Why then in a water tower a hole that would be half way down rather than at the bottom would quirt out a further stream, one that is equal to the height of the water column?
Laura H. Greene received her BS and MS degrees from The Ohio State University and in 1984, received a Ph.D. in Physics from Cornell University, investigating the linear and non-linear far-infrared properties of materials. She joined Bell Laboratories and then Bellcore, where she researched thin-film growth and tunneling of metallic multilayers, heavy-Fermions, superconductor-semiconductor hybrid structures and high-temperature superconductors. In 1992, she joined the senior physics faculty at the University of Illinois at Urbana-Champaign.
Her research continues in experimental condensed matter physics focusing on highly-correlated electron systems and novel materials; in particular high-temperature superconductors, and the interfaces between metallic superconductors and compound-semiconductor heterostructures. Thin film and multilayer growth with extensive materials analysis is routinely performed. Planar tunneling spectroscopy, electronic transport, Raman scattering, electron spin resonance and muon spin relaxation are employed to investigate mechanisms of superconductivity and charge and transport across superconducting interfaces. Much of her research investigates the role of broken symmetries and their physical ramifications in condensed matter systems, especially that of spontaneously broken-time reversal symmetry in unconventional superconductors.
Greene has served the American Physical Society as a General Councilor, member of their Executive Board, member of their Division of Condensed Matter Physics Nominating Committee and Chair of their Committee on Committees. She was elected as a delegate to the Low-Temperature Physics Commission of the International Union of Pure and Applied Physics, where she also serves on their US Liaison Committee. She is a founding member or the Board of Trustees of the Los Alamos-based Institute for Complex and Adaptive Materials. In 1999, Greene was elected to member-at-large of the Council of Gordon Research Conferences and serves on their Schedule and Selection Committee. In 2000, Greene was elected to the Electorate Nominating Committee of the Physics Section of the American Association of the Advancement of Science. Also in 2000, she was appointed by the Secretary of Energy, Bill Richardson, to the Basic Energy Sciences Advisory Committee (BESAC) of the Department of Energy. She is a Fellow of the American Physical Society, the American Association for the Advancement of Science, the American Academy of Arts and Sciences, and the National Academy of Sciences. In 1994, Greene was the recipient of the Maria Goeppert-Mayer Award of the American Physical Society. In 1999, she received the E. O. Lawrence Award for Materials Research from the Department of Energy. In 2000, she was named to the Swanlund Endowed Chair of the University of Illinois. Over her career, Greene has co-authored approximately 140 publications and has presented more than 180 invited talks.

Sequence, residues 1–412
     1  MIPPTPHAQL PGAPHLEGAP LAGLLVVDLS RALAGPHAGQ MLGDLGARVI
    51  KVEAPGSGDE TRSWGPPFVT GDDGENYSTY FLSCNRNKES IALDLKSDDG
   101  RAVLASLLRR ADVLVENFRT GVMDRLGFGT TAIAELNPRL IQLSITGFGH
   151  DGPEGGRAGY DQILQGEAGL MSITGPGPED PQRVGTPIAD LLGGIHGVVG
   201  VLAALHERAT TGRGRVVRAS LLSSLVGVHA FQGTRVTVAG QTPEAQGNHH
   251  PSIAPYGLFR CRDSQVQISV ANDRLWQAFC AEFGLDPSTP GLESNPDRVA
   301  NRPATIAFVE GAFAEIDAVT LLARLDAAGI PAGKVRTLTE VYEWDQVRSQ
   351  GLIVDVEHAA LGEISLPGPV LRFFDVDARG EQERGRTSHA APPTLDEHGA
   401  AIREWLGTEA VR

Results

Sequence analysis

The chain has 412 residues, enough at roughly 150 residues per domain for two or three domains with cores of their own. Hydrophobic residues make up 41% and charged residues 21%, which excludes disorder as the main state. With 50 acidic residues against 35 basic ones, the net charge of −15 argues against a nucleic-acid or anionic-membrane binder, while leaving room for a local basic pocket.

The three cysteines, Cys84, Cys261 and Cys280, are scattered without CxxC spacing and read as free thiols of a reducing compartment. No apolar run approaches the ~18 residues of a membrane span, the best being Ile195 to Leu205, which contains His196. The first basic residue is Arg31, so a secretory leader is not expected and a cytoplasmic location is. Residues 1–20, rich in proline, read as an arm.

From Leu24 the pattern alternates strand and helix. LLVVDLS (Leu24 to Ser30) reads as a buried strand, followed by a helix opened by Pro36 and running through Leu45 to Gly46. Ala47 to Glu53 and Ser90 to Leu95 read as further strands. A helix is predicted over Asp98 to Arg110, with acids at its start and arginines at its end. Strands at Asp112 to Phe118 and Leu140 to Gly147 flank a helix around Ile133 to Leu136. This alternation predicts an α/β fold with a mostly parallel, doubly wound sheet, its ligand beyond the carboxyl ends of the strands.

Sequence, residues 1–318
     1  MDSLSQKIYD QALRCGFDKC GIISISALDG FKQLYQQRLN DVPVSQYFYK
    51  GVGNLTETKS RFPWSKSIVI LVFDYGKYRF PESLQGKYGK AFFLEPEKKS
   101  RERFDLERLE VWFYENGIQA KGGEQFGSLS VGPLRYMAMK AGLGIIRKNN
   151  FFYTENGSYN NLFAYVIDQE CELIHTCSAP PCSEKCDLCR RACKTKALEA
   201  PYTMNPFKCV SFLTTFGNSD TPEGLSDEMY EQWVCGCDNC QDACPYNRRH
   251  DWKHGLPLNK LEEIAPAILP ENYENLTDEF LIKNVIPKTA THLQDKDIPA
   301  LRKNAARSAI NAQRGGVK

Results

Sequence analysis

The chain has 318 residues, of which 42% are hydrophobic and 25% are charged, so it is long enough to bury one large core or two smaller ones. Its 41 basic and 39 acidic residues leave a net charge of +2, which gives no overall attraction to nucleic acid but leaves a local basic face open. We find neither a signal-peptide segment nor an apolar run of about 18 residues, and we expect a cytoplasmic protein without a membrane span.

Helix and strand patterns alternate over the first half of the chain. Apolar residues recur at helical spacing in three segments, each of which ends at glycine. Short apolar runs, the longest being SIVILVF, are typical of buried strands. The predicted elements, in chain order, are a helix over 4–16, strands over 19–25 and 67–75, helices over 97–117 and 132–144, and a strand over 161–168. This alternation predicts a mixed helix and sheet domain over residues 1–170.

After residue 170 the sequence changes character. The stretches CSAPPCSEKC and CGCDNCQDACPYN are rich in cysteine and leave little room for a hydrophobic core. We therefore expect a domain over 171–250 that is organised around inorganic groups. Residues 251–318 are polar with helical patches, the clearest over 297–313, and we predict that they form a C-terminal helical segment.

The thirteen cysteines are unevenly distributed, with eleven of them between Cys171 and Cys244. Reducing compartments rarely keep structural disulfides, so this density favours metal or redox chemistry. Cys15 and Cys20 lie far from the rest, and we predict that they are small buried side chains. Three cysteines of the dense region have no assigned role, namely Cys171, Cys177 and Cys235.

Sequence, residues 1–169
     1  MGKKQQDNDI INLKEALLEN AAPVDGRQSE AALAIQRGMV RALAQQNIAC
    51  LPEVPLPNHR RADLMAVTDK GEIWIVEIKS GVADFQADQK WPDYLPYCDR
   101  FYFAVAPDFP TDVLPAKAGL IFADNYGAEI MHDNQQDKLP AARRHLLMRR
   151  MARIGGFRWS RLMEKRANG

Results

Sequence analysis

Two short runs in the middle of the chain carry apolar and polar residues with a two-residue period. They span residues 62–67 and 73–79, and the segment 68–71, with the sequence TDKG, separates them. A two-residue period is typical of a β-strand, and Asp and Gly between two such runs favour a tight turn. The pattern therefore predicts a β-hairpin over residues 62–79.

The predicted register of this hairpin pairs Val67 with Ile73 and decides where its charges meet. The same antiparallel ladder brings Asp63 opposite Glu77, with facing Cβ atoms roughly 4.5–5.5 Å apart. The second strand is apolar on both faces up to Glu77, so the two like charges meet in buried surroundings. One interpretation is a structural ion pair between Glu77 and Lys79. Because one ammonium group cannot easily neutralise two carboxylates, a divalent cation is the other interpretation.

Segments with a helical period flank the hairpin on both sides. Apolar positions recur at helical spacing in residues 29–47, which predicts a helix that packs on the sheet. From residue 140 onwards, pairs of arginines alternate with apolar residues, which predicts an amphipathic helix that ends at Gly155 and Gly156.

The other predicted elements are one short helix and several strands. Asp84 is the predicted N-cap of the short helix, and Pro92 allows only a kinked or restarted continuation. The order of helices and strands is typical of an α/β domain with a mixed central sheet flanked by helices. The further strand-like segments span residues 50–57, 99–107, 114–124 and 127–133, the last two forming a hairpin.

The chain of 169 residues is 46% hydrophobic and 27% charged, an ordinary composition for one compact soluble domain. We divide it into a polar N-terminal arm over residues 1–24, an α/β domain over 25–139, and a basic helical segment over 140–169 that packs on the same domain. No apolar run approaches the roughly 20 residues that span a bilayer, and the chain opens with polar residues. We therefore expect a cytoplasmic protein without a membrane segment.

Our main research efforts are directed towards understanding the physics of highly correlated electron materials, focusing on superconductors. In particular, we study how electrons cross superconducting interfaces with a powerful technique known as tunneling spectroscopy. These measurements are mostly performed on thin films of low-temperature and high-temperature superconductors that we grow in our own laboratory. In our studies of low-temperature superconductors, we have found novel ways to study electronic transport across the superconductor-semiconductor interface. In our studies of high-temperature superconductors, we have found that tunneling spectroscopy can be used to probe symmetries that are broken in nature, and recently discovered a superconducting state a that breaks time-reversal symmetry.